Responses are provided as general educational resources and should not be interpreted as diagnoses, prognoses, or treatment suggestions.  Information and perspectives represent the views of the individual author(s); Can Do Multiple Sclerosis is not responsible for the accuracy or currency of the responses.  Readers should consult with their healthcare team.

filtered by: Healthcare (remove)

Psychologist Response:

Rosalind Kalb, PhD
Can Do MS Programs Consultant

You have already taken the first step by reaching out. Although each person’s experience with MS is unique, there are some very important things you can do to get yourself onto a comfortable path:

  • Find an MS provider you like and trust and develop your treatment plan.
  • Learn about MS and the symptoms it can cause – but get your information from a reliable source like the National MS Society, Can Do MS, and other MS advocacy organizations.
  • Give yourself time to deal with all the feelings that go with a new diagnosis – fear, grief, anger, or whatever else you might be feeling. There are many resources available to help you.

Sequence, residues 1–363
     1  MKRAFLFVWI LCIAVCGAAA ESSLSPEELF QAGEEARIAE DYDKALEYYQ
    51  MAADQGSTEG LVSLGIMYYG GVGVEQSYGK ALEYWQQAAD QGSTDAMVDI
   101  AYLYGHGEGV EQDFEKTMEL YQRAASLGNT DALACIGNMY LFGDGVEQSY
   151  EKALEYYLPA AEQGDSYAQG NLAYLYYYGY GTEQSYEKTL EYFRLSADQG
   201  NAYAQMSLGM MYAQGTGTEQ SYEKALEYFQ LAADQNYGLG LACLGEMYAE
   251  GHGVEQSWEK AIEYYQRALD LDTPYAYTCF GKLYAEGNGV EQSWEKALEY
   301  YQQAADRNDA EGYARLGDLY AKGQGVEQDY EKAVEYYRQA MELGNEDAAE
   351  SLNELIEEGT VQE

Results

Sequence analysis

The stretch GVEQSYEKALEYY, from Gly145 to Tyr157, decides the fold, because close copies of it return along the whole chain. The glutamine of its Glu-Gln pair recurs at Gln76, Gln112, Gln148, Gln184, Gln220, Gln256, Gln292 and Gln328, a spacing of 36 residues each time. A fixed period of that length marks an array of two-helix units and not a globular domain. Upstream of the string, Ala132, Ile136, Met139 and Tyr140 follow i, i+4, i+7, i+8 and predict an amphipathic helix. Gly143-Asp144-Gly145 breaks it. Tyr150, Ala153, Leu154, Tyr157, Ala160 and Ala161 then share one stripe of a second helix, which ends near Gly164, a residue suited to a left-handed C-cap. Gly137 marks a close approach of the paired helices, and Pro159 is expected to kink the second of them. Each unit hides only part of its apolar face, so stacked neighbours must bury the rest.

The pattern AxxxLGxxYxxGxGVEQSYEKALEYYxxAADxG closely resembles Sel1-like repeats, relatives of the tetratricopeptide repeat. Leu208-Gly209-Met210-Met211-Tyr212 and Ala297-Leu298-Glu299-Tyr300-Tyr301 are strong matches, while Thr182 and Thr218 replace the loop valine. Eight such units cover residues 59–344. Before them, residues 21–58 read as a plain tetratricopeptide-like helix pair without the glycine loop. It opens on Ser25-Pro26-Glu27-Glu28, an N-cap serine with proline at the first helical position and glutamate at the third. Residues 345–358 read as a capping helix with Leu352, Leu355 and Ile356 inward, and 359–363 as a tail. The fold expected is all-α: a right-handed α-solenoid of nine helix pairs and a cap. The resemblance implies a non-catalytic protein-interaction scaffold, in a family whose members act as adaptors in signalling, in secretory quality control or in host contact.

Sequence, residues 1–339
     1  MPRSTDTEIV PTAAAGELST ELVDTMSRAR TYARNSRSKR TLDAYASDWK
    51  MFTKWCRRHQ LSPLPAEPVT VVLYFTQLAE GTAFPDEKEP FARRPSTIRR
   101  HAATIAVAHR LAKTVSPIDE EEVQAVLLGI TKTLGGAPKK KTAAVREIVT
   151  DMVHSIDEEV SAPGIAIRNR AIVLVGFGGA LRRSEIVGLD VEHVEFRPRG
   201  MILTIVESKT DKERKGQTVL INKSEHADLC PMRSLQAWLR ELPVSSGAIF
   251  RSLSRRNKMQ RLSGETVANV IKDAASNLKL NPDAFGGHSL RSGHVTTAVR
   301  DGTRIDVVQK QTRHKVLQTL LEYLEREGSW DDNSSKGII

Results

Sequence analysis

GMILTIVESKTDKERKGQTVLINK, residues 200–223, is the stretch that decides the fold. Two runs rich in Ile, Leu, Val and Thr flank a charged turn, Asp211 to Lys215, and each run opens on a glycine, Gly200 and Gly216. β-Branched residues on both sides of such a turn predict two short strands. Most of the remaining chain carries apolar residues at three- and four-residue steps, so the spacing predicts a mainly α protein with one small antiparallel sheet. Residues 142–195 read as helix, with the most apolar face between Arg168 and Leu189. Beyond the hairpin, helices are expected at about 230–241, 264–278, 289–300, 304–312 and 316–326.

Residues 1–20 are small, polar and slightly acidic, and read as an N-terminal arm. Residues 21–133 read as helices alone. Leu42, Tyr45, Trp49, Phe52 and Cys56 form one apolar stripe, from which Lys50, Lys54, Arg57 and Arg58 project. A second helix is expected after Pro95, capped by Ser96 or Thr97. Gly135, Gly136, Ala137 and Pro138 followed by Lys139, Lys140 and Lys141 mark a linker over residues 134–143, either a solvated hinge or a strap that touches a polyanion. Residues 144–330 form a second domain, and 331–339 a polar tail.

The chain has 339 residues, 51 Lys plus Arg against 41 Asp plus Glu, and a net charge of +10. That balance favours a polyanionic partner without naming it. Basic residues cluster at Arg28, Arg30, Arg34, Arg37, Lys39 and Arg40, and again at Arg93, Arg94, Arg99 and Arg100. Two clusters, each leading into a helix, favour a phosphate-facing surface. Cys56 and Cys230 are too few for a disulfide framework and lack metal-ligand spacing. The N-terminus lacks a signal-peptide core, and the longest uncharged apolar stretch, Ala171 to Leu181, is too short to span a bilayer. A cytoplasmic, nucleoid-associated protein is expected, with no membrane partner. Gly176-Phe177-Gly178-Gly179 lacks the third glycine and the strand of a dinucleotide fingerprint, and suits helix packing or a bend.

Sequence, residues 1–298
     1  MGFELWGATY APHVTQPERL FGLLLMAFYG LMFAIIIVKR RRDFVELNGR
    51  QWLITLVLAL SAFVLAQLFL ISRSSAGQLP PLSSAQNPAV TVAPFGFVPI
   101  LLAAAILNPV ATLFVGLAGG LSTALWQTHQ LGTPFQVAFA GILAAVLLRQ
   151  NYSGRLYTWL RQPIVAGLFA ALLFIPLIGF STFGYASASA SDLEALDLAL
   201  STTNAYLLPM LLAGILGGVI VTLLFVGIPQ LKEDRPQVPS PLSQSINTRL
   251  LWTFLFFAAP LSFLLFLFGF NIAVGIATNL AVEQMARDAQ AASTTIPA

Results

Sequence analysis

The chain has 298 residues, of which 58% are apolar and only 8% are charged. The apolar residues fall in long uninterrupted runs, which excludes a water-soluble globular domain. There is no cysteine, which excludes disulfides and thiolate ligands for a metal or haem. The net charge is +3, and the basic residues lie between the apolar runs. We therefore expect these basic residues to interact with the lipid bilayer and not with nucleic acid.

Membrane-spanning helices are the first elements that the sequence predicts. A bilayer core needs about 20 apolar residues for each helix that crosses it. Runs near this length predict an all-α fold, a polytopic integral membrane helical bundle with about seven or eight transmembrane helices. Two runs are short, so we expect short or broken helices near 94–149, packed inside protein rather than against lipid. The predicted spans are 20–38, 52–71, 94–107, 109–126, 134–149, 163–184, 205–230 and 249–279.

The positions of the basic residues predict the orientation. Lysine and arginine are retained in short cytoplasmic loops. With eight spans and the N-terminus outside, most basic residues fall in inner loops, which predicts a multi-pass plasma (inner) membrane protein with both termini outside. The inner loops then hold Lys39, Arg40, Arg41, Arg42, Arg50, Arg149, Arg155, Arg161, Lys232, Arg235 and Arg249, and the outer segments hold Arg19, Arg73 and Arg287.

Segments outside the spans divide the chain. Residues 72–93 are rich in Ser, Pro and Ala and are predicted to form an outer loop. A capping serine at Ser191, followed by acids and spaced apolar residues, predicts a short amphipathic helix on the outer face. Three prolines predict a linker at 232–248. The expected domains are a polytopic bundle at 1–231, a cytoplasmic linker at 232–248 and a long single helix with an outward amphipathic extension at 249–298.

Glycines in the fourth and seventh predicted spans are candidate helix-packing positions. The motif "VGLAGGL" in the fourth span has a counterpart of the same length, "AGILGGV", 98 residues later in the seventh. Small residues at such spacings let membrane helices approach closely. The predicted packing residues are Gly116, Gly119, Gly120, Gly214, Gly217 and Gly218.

• Learn about your options before you disclose your diagnosis in the workplace.
  • Think about your employment and financial future – it’s never too early to begin planning for unpredictability.
  • Gather your support network. Growing and nurturing a network of supportive individuals will be an essential part of your life with MS

The best place to get more information about each of steps is with the National MS Society’s Knowledge is Power series. Each module of the series includes videos, publications, worksheets, and links to relevant Web pages and resources, and each is presented by others living with MS. 

I also encourage you to check out the Can Do MS programs, webinars, and coaching opportunities. You don’t need to do this alone!